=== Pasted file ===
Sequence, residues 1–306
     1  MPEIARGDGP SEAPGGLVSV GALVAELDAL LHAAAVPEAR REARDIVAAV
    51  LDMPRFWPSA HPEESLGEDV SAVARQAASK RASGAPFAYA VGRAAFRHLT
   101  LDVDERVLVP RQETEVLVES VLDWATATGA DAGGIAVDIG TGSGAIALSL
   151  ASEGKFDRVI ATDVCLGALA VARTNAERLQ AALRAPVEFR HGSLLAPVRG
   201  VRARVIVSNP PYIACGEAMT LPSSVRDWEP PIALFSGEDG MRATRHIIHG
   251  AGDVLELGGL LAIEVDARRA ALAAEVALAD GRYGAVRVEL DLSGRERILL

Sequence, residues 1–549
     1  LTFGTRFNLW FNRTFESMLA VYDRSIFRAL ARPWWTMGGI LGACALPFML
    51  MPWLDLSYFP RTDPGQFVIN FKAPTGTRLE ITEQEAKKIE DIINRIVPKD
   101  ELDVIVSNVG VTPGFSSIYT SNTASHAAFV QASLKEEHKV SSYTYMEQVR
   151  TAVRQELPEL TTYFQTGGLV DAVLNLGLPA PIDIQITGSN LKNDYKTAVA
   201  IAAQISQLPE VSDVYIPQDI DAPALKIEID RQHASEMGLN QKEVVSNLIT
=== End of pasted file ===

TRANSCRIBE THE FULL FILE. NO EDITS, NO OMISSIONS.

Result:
Sequence, residues 1–306
     1  MPEIARGDGP SEAPGGLVSV GALVAELDAL LHAAAVPEAR REARDIVAAV
    51  LDMPRFWPSA HPEESLGEDV SAVARQAASK RASGAPFAYA VGRAAFRHLT
   101  LDVDERVLVP RQETEVLVES VLDWATATGA DAGGIAVDIG TGSGAIALSL
   151  ASEGKFDRVI ATDVCLGALA VARTNAERLQ AALRAPVEFR HGSLLAPVRG
   201  VRARVIVSNP PYIACGEAMT LPSSVRDWEP PIALFSGEDG MRATRHIIHG
   251  AGDVLELGGL LAIEVDARRA ALAAEVALAD GRYGAVRVEL DLSGRERILL

Sequence, residues 1–549
     1  LTFGTRFNLW FNRTFESMLA VYDRSIFRAL ARPWWTMGGI LGACALPFML
    51  MPWLDLSYFP RTDPGQFVIN FKAPTGTRLE ITEQEAKKIE DIINRIVPKD
   101  ELDVIVSNVG VTPGFSSIYT SNTASHAAFV QASLKEEHKV SSYTYMEQVR
   151  TAVRQELPEL TTYFQTGGLV DAVLNLGLPA PIDIQITGSN LKNDYKTAVA
   201  IAAQISQLPE VSDVYIPQDI DAPALKIEID RQHASEMGLN QKEVVSNLIT